| * ReadSeq -- 1 Feb 93
| * Reads and writes nucleic/protein sequences in various
| * formats. Data files may have multiple sequences.
| * Copyright 1990 by d.g.gilbert
| * biology dept., indiana university, bloomington, in 47405
| * e-mail: email@example.com
| * This program may be freely copied and used by anyone.
| * Developers are encourged to incorporate parts in their
| * programs, rather than devise their own private sequence
| * format.
| * This should compile and run with any ANSI C compiler.
| * Please advise me of any bugs, additions or corrections.
Readseq has been updated. There have been a number of enhancements and a few bug corrections since the previous general release in Nov 91 (see below). If you are using earlier versions, I recommend you update to this release.
Readseq is particularly useful as it automatically detects many sequence formats, and interconverts among them. Formats added to this release include
MSF multi sequence format used by GCG software
PAUP's multiple sequence (NEXUS) format
PIR/CODATA format used by PIR
ASN.1 format used by NCBI
Pretty print with various options for nice looking output.
As well, Phylip format can now be used as input. Options to reverse-compliment and to degap sequences have been added. A menu addition for users of the GDE sequence editor is included.
This program is available thru Internet gopher, as
gopher ftp.bio.indiana.edu browse into the IUBio-Software+Data/molbio/readseq/ folder select the readseq.shar document
Or thru anonymous FTP in this manner:
my_computer> ftp ftp.bio.indiana.edu (or IP address 188.8.131.52)
ftp> cd molbio/readseq
ftp> get readseq.shar
readseq.shar is a Unix shell archive of the readseq files. This file can be editted by any text editor to reconstitute the original files, for those who do not have a Unix system or an Unshar program. Read the top of this .shar file for further instructions.
There are also pre-compiled executables for the following computers: Silicon Graphics Iris, Sparc (Sun Sparcstation & clones), VMS-Vax, Macintosh. Use binary ftp to transfer these, except Macintosh. The Mac version is just the command-line program in a window, not very handy.
C source files:
readseq.c ureadseq.c ureadasn.c ureadseq.h
Readme (this doc)
Readseq.help (longer than this doc)
Formats (description of sequence file formats)
add.gdemenu (GDE program users can add this to the .GDEmenu file)
Stdfiles -- test sequence files
Makefile -- Unix make file
Make.com -- VMS make file
*.std -- files for testing validity of readseq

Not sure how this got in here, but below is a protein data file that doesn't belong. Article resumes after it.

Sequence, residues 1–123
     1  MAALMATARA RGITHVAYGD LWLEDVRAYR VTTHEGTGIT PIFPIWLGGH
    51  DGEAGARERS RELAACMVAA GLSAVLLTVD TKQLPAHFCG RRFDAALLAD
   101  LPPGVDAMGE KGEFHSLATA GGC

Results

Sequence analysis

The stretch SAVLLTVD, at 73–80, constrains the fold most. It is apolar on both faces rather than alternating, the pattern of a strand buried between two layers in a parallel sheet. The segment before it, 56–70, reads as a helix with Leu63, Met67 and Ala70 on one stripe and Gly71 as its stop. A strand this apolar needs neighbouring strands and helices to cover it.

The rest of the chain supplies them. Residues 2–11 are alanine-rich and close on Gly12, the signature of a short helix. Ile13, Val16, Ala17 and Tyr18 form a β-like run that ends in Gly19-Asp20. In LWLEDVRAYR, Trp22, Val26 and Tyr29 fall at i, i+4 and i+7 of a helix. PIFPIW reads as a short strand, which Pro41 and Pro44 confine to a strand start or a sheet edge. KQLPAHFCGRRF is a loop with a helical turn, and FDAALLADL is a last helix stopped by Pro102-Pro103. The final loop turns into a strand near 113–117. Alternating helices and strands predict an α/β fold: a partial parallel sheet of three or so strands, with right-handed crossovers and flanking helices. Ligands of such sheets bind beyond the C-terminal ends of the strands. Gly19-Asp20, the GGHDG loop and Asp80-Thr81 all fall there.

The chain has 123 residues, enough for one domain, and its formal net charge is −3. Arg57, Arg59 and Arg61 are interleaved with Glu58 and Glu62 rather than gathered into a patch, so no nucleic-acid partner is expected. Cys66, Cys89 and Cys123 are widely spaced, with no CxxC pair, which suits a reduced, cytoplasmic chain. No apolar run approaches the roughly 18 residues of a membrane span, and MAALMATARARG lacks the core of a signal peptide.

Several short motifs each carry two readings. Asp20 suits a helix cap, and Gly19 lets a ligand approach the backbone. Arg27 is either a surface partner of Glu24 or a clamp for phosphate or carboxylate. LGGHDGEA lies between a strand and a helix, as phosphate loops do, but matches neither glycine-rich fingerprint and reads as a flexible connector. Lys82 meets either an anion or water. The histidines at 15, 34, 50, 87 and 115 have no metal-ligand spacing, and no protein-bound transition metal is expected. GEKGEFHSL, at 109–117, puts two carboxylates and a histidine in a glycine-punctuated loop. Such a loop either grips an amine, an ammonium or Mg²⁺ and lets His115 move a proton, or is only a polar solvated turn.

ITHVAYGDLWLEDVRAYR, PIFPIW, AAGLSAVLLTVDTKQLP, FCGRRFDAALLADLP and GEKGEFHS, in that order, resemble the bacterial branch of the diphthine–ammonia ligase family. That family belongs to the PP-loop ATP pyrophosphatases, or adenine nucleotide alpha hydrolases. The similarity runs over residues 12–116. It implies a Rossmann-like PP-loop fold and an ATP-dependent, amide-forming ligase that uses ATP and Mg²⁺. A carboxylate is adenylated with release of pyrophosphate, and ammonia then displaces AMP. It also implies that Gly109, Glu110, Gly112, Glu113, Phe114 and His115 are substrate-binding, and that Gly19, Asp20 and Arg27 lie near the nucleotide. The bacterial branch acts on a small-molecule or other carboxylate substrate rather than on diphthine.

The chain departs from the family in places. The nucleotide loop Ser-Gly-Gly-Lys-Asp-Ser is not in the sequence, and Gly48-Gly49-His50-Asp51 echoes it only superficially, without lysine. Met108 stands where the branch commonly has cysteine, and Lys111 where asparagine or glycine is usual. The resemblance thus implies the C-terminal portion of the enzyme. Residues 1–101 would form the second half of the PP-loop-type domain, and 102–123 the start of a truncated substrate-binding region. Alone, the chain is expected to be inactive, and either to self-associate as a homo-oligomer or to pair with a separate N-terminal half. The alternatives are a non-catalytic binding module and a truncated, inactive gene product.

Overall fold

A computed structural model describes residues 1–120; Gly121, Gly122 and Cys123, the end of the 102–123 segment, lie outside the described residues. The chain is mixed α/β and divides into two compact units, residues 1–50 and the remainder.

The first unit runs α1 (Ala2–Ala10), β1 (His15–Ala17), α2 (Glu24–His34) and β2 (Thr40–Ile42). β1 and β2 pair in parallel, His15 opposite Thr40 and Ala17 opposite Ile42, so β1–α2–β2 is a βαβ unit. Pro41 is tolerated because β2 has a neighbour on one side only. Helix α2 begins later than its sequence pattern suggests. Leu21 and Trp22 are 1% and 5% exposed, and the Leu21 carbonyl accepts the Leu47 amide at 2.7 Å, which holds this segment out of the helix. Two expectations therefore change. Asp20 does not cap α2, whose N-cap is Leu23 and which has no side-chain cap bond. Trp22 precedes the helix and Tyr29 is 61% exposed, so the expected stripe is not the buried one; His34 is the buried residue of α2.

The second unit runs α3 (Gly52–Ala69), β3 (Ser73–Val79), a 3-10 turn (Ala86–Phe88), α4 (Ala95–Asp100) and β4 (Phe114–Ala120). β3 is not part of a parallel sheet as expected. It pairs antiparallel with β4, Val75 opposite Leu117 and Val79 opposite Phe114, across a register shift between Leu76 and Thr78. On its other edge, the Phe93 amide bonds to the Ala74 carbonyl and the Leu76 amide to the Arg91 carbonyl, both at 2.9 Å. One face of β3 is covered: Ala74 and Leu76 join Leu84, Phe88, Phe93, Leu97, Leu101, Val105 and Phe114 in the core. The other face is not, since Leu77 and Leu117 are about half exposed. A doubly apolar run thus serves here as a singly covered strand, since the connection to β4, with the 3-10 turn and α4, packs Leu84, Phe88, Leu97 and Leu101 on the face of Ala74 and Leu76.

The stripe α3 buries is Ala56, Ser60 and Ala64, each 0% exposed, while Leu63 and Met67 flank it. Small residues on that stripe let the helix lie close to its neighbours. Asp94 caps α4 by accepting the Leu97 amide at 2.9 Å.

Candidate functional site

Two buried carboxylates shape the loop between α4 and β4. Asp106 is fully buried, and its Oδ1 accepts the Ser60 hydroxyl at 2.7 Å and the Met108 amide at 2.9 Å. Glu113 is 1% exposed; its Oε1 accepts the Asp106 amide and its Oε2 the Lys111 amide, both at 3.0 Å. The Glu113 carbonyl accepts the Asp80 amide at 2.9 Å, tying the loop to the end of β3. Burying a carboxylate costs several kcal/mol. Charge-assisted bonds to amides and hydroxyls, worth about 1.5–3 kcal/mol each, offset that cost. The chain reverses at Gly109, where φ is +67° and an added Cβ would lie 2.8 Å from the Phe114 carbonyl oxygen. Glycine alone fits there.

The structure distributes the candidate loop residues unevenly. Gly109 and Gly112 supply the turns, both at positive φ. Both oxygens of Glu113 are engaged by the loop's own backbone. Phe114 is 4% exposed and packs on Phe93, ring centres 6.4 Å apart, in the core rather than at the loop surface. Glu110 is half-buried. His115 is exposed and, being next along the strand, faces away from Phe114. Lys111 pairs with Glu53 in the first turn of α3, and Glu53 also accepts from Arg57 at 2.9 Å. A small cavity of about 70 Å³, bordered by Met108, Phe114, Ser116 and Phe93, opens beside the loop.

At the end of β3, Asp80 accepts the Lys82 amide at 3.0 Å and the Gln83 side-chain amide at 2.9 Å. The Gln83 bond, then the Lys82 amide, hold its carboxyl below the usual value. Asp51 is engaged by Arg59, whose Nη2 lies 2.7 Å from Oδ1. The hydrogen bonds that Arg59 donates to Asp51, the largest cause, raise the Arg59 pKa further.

-- for interactive use
readseq my.1st.seq my.2nd.seq -all -format=genbank -output=my.gb
-- convert all of two input files to one genbank format output file
readseq my.seq -all -form=pretty -nameleft=3 -numleft -numright -numtop -match
-- output to standard output a file in a pretty format
readseq my.seq -item=9,8,3,2 -degap -CASE -rev -f=msf -out=my.rev
-- select 4 items from input, degap, reverse, and uppercase them
cat *.seq | readseq -pipe -all -format=asn > bunch-of.asn
-- pipe a bunch of data thru readseq, converting all to asn
The brief usage of readseq is as follows. The "" denote optional parts of the syntax:
readSeq (27Dec92), multi-format molbio sequence reader.
usage: readseq [-options] in.seq > out.seq
-a[ll] select All sequences
-c[aselower] change to lower case
-C[ASEUPPER] change to UPPER CASE
-degap[=-] remove gap symbols
-i[tem=2,3,4] select Item number(s) from several
-l[ist] List sequences only
-o[utput=]out.seq redirect Output
-p[ipe] Pipe (command line, <stdin, >stdout)
-r[everse] change to Reverse-complement
-v[erbose] Verbose progress
-f[ormat=]# Format number for output, or
-f[ormat=]Name Format name for output:
| 1. IG/Stanford 10. Olsen (in-only)
| 2. GenBank/GB 11. Phylip3.2
| 3. NBRF 12. Phylip
| 4. EMBL 13. Plain/Raw
| 5. GCG 14. PIR/CODATA
| 6. DNAStrider 15. MSF
| 7. Fitch 16. ASN.1
| 8. Pearson/Fasta 17. PAUP
| 9. Zuker 18. Pretty (out-only)
Pretty format options:
-wid[th]=# sequence line width
-tab=# left indent
-col[space]=# column space within sequence line on output
-gap[count] count gap chars in sequence numbers
-nameleft, -nameright[=#] name on left/right side [=max width]
-nametop name at top/bottom
-numleft, -numright seq index on left/right side
-numtop, -numbot index on top/bottom
-match[=.] use match base for 2..n species
-inter[line=#] blank line(s) between sequence blocks
4 May 92